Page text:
Allister Coetzee maintains that the Springboks are in a good mental space in spite of the record defeat to Ireland and South Africa’s loss in the 2023 World Cup bid race. JON CARDINELLI in Paris reports.
Could it have gone any worse for the Boks or South African rugby over the past five days?
First the Boks lost to Ireland by a record margin in Dublin on Saturday. Then France was unveiled as the host nation for the 2023 World Cup on Wednesday, despite South Africa heading into the final stage of the process as World Rugby’s preferred candidate.
France head into the clash with the Boks at the Stade de France with their tails up. A win against the Boks – who won 3-0 in the series played between the two nations earlier this year – would cap a great week for the French.
A loss would be another blow for the punch-drunk Boks. Speaking from the team hotel on Thursday, coach Allister Coetzee and captain Eben Etzebeth said that the recent result in London would have no bearing on the coming clash in Paris. Their words lacked conviction, though. One could see that the pressure is starting to take the toll on both men and that they are wary of another defeat this Saturday.
Coetzee did admit, however, that the outcome was a setback for the Boks and South African rugby in a broader context.
‘Losing the bid is not ideal for a country like South Africa,’ the Bok coach said. ‘The opportunity to have that would have been massive.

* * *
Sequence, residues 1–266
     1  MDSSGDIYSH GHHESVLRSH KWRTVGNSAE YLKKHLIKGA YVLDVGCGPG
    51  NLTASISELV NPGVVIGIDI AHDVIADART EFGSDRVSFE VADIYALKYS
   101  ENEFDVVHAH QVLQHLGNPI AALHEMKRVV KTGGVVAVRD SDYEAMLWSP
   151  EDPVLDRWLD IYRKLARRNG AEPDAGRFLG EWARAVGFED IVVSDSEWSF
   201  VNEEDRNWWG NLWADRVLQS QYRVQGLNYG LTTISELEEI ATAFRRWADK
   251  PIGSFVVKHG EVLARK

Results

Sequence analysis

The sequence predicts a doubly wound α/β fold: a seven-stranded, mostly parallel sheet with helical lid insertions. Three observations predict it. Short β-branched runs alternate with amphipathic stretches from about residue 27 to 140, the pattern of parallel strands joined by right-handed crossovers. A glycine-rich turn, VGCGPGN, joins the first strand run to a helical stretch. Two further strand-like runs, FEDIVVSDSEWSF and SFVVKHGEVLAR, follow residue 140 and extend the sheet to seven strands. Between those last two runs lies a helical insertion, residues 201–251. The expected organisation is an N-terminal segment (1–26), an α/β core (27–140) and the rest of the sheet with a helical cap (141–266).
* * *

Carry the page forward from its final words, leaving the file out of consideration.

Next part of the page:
‘For us as a team we will focus on the Test this weekend, though. That bid result won’t motivate us any differently. We are more concerned with implementing our plan. That’s our job. We need to play well to beat an improved French team. Both teams will be desperate to get a result.’
On Wednesday, CEO Jurie Roux said that the decision would force a rethink to SA Rugby’s strategy to keep players in South Africa. At this stage, there are some 300-odd South Africans playing club rugby in Europe.
‘When you host a World Cup, there is an aspiration platform,’ Roux said. ‘On top of that is a financial platform that creates enough revenue that can further your development plans. Maybe stem the outflow of players [leaving South Africa] in search of the euro, pound, yen, and soon the dollar.
‘We will now have to face things in a different way after this result,’ he added. ‘Luckily we do have the British & Irish Lions tour soon in . Hopefully that will create some new avenues and some revenues.’
Coetzee conceded that SA Rugby could be in for even tougher times in future.
‘We are looking at ways to keep our best players in the country,’ he said. ‘There are a lot of other things that will be put in place. It’s not easy. It’s tough competing against euros, pounds, yen and dollars. For now the team environment is really good and hopefully that will help the cause.’
Meanwhile, the players are refusing to the let the disappointment of losing the bid distract them from the task at hand.
‘We want to say congratulations to the French,’ said Bok wing Courtnall Skosan. ‘At the end of the day we have a job to do this weekend. It’s another big challenge for us. Hopefully we can go out there and make our nation proud.’
Photo: Gabrielle Maltinti/Getty Images